Commonwealth's Application for Leave to Respond Nunc Pro Tunc to Diamond's Request for Admissions
Noting that "[t]here is no dispute that Pa. R.C.P. No. 4014 . . . imposes a duty to respond within ten days of the request," and conceding its failure so to do, the Commonwealth requests this Court to exercise our discretion and permit it to respond nunc pro tunc since there is "no indication of bad faith on the part of plaintiff and no prejudice to defendant." The Commonwealth attributes its failure to respond to the request for admissions within ten days to the heavy case load of the Department of Justice Collections Division which was handling this case; the serious understaffing of the Collection Division "insofar as it lacked attorneys, with the exception of the Chief Counsel, experienced or competent in the handling of matters involving the complexities of the Pennsylvania Rules of Procedure;" the turnover of Commonwealth attorneys responsible for prosecuting this case; and finally, a "clerical error" resulting in the request being placed directly in the file by the clerical staff.
[ 38 Pa. Commw. Page 94]
Our research has not disclosed any case law addressing specifically the circumstances under which a nunc pro tunc application to respond to a Rule 4014 request for admissions may be granted. It is clear, however, that the purpose of the procedure set forth in Pa. R.C.P. No. 4014 is to clarify issues raised in prior pleadings with the goal of expediting the litigation process. We believe, therefore, that if compelling reasons can be established by the moving party for its failure to timely respond and no prejudice results to the adverse party, a nunc pro tunc application should be granted.
The reasons alleged by the Commonwealth for its failure to timely respond, while regrettable, are not compelling. Indeed, were we to find them compelling, we can conceive of few sets of circumstances which could ever be deemed noncompelling. Weight of case load is not a compelling reason; nor is the dearth of counsel competent to handle matters involving the complexities of a rule providing that unless a response is filed within ten days, the matter of which an admission is requested is deemed admitted. Transfer of a file from one attorney to another is not a compelling reason. And assuming a "clerical error" resulted in the document initially being placed unnoticed into the file, the fact that it remained unnoticed for nearly five months renders this a noncompelling reason as well.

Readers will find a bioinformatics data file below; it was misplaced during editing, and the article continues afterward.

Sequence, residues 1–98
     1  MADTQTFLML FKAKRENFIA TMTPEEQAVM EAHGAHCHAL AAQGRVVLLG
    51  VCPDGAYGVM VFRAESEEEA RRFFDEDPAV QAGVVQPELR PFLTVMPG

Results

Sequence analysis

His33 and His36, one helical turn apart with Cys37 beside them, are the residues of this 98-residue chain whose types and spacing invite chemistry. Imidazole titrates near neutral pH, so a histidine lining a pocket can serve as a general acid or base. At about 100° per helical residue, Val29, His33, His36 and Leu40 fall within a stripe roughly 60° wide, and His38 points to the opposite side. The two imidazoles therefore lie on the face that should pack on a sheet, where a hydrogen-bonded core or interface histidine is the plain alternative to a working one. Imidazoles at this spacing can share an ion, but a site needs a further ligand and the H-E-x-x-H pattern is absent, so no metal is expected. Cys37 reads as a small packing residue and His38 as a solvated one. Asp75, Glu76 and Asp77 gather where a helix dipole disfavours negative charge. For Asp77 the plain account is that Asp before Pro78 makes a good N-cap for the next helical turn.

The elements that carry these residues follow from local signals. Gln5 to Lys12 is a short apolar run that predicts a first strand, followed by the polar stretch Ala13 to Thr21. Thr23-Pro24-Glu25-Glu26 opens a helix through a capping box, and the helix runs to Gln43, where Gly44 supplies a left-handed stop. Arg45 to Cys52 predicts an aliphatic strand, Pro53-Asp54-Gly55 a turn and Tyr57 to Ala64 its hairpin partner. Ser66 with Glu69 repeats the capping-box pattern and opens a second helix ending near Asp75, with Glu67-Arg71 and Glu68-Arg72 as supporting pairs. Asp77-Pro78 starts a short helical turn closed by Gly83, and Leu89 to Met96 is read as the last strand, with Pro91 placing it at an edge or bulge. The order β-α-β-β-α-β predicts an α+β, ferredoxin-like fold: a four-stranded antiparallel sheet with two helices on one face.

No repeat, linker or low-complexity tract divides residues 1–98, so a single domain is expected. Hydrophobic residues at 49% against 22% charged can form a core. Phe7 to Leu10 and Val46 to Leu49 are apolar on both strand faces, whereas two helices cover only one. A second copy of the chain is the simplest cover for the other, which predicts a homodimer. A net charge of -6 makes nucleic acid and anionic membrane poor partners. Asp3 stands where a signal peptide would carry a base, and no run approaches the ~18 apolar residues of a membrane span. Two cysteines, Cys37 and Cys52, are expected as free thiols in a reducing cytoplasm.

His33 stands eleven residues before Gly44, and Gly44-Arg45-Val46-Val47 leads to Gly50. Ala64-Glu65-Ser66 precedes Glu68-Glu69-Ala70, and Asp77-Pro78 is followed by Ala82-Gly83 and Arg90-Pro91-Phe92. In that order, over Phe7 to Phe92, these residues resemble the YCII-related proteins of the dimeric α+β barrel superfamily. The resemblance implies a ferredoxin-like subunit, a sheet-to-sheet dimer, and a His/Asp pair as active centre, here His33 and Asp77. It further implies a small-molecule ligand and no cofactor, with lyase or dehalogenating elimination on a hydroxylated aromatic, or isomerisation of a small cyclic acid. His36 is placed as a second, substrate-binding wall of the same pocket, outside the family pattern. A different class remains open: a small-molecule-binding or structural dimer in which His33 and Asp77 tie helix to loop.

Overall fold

The granting of the Commonwealth's application, moreover, cannot be viewed as without prejudicial impact upon Diamond. After Diamond properly exercised its right to file for summary judgment on June 21, 1977, this case was listed for argument on the summary judgment motion. Relying to a substantial degree upon the Commonwealth's admissions, Diamond prepared its brief in support of its motion and filed that brief in this Court on November 4, 1977. The Commonwealth's nunc pro tunc application was
[ 38 Pa. Commw. Page 95]
not filed until November 25, 1977, three weeks after Diamond's brief was filed. Given this sequence of events, we do not agree with the Commonwealth's contention that Diamond will not be prejudiced by a nunc pro tunc Commonwealth response.
Diamond's Motion for Summary Judgment
Our role when presented with a motion for summary judgment is clear. Pa. R.C.P. No. 1035(b) provides that "[t]he judgment sought shall be rendered if the pleadings, depositions, answers to interrogatories, and admissions on file, together with the affidavits, if any, show that there is no genuine issue as to any material fact and that the moving party is entitled to judgment as a matter of law." "[A] summary judgment may be granted if the moving party shows that there is no genuine issue as to any material fact, and the record, viewed most favorabl[y] to the nonmoving party, reveals that the moving party is entitled to judgment as a matter of law." Dowlin v. Coatesville Area School District, 22 Pa. Commonwealth Ct. 433, 436, 350 A.2d 190, 192 (1975).
Before reaching the merits of Diamond's motion, it must first be resolved what documents are properly before us for consideration. There is no doubt that we must examine the complaint, the answer with new matter, and the reply thereto. There is also no doubt that we must accept as true the facts admitted by the Commonwealth through its failure to respond to Diamond's request for admissions. Since, however, conclusions of law are not within the permissible scope of requests for admissions under Pa. R.C.P. No. 4014, those statements in Diamond's request for admissions which constitute conclusions of law are not properly before us.*fn4 Finally, three affidavits have been filed,